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Catholic schools need a surer faith

The election of a new pontiff resurrects hopes of a Church in touch with the young, says Jennifer Baker

The death of John Paul II has brought sadness to many. He was a Pope who travelled the world to spread a message of justice and peace instead of closeting himself in the Vatican as most of the previous Popes did. His motives, I am sure, were of the highest. But he was also a Pope whose reign saw an exodus of the faithful from the churches.

He alienated thinking Catholics with, among others, his proclamations on birth control, the role of women in the Church, homosexuality and the continuing ban on the use of condoms in countries stricken by Aids.

It has been uplifting to watch the pictures from St Peter's Square - the cameras homing in on the tear-stained faces of young men and women, there to be present at a historic moment. These same young people have been interviewed sharing their grief with viewers around the world.

But it is true to say that the Catholic teaching they have received in schools since the late 1970s has been dominated by outdated and dangerous proclamations on many issues, at a time when they are seeking guidance and a way to deal with the responsibility of being a grown-up in a post-millennium era.

I taught for many years in Catholic schools and my children were educated in Catholic schools. I even taught RE for a year. I confess I made no attempt to convince my classes that contraception was a sin or homosexuality an abomination. The department I taught in was enlightened.

It encouraged students to think for themselves, while at the same time stressing rigorous morality. Indeed, it was this department and those students who started Homeless Action in the town and gave shelter to homeless people over the Christmas period.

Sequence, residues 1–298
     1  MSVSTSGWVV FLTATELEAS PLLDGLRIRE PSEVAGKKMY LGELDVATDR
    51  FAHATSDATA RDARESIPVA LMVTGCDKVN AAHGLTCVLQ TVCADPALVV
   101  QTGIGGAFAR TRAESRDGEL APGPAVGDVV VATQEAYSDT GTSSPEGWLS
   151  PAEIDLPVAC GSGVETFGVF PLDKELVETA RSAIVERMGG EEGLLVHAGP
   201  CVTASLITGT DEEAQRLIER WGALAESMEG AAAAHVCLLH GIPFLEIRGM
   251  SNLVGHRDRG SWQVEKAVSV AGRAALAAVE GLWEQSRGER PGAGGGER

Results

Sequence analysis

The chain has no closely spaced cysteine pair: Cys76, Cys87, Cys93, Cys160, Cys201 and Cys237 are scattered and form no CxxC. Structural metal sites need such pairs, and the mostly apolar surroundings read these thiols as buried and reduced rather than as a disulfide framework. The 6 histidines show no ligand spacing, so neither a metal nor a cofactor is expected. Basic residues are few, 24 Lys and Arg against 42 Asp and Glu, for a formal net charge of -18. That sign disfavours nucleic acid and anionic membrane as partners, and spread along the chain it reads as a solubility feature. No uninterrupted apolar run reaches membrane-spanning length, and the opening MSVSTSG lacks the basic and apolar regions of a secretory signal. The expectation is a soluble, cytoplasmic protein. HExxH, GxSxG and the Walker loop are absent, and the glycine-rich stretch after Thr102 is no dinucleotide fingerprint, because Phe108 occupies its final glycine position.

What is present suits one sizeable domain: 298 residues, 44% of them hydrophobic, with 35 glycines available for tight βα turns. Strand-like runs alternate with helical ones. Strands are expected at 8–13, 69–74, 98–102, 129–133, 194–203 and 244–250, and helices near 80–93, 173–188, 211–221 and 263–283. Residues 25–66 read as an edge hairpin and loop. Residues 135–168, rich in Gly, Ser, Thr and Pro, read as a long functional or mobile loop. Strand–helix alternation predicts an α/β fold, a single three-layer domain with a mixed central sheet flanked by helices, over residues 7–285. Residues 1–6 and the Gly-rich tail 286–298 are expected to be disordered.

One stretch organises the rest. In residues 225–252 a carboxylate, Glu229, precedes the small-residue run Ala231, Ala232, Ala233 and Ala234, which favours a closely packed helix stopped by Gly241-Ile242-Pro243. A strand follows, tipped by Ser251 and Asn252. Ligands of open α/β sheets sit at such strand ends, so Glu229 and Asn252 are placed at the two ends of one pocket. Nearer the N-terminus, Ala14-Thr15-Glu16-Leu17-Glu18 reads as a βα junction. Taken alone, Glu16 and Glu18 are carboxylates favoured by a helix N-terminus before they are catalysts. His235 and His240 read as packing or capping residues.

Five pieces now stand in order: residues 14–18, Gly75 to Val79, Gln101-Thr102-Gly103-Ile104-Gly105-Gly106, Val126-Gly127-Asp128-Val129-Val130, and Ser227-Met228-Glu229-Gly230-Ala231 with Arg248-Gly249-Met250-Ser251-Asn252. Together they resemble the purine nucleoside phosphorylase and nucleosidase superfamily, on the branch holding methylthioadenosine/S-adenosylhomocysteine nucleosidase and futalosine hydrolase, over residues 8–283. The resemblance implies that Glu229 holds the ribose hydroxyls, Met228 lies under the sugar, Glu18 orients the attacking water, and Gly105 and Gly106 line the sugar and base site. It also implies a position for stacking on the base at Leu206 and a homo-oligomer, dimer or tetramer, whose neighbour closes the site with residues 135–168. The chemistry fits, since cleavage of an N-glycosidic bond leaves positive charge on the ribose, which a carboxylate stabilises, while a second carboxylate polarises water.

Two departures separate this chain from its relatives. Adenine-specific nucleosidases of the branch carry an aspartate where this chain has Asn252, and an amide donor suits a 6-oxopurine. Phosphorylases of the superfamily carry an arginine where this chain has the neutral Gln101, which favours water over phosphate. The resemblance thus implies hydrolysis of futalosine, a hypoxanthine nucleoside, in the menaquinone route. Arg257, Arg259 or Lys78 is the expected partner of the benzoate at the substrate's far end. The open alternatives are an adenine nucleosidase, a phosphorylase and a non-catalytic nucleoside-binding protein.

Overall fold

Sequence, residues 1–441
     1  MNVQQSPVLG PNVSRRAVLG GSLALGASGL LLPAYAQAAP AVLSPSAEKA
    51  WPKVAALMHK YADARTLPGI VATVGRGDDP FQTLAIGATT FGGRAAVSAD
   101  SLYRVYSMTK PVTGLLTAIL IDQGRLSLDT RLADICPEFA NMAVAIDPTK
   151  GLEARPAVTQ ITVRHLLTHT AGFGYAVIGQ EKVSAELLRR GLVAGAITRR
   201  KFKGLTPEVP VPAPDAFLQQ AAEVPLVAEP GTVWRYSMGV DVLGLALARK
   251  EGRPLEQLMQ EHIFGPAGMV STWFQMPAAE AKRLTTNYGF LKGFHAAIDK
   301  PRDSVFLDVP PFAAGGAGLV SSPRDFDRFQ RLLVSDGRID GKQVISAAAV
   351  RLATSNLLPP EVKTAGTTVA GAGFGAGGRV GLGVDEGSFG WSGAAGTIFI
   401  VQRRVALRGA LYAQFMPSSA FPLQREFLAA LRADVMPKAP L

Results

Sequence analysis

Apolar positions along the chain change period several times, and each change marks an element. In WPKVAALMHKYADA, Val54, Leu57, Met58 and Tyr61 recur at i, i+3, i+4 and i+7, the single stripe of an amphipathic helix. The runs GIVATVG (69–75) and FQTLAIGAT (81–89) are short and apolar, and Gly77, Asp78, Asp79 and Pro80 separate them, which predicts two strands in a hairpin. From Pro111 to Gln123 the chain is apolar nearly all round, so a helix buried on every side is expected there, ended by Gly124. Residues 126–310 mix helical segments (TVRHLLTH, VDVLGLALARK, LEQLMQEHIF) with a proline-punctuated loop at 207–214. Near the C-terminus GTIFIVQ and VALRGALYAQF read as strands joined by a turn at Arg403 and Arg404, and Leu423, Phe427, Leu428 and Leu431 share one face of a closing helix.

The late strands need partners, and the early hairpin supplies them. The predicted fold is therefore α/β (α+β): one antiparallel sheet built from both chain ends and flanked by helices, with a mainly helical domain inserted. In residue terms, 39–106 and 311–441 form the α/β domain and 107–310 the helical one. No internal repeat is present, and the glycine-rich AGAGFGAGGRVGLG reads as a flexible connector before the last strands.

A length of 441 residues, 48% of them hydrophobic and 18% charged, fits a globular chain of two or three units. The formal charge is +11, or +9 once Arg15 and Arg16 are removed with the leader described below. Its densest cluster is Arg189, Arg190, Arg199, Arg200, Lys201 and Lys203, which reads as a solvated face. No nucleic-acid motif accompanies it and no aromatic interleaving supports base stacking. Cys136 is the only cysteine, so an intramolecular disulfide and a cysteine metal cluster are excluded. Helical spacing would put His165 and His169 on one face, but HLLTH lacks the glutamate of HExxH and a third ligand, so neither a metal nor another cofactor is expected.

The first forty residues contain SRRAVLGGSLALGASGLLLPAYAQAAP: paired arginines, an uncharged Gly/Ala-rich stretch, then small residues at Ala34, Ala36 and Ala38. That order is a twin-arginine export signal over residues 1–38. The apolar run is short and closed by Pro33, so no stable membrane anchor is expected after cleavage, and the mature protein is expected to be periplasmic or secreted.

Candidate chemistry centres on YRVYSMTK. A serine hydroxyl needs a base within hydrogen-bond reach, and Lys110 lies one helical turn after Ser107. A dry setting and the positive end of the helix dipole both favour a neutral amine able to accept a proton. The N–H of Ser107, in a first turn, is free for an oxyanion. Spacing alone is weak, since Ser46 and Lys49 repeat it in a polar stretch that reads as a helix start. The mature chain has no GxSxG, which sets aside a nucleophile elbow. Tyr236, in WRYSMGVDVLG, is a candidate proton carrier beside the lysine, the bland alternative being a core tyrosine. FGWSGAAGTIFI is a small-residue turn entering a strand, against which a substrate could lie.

But this was the 1980s and the curriculum has tightened up considerably since then. Catholic religious education, and particularly that of sexual morality, has failed almost two generations of adolescents as their sexuality cannot be discussed with them; instead they get a list of "don'ts". That worked for the generation before. We were terrified of becoming pregnant because the social stigma was such that any who did were regarded as pariahs by parents, teachers and priests alike.

Contraceptives were not easily obtained so everyone was just very, very careful. For some, of course, the inevitable happened and the rest of us looked on with sympathy and a lot of "there but for the grace of God". Most of us married young for obvious reasons but, even then, the Church followed us into our marital beds (How Far Can You Go?, by David Lodge, is worth a read). Homosexuality, for the most part, we knew nothing about.

We wanted better for our children and, briefly after Vatican II, we thought it was coming. As parents and educators we were excited, but patient and willing to wait because we knew that the wheels of change grind exceeding slow in the Vatican. When at last, in 1978, an actor, skier, footballer, non-Italian Pope was elected, we thought the time had come. We were mistaken. On the contrary, the wind of change that had threatened to blow through the Vatican died to nothing and religious education was becalmed.

Things became worse. Divorced Catholic teachers were sacked when they remarried; children were and are exposed to sexual incontinence which is glorified in the adulation of celebrity as never before and have been given no help at all other than "don't" (not a useful word when dealing with teenagers). Paedophile priests are not condemned loudly enough. Even now, in 2005, Bishop Joseph Devine, president of the Catholic Education Commission in Scotland, has declared that homosexual teachers should not be employed in Catholic schools.

What message is being transmitted to our young? "Love your neighbour" is certainly absent and is replaced by paranoia. The basic and very simple tenets of Christianity have been lost in a tangle of theological mumbo-jumbo. The exclusion of women from any position of influence within the Church is medieval and sends a message to young girls that conflicts with the education that they are receiving in all other areas.

So, forgive me, Holy Father. I liked you, I admired your stance in all sorts of political conflicts but I don't like what is being taught in Catholic schools. Once again, I hope . . .

Jennifer Baker was formerly faculty head in a secondary school and now teaches part-time in the west Highlands.

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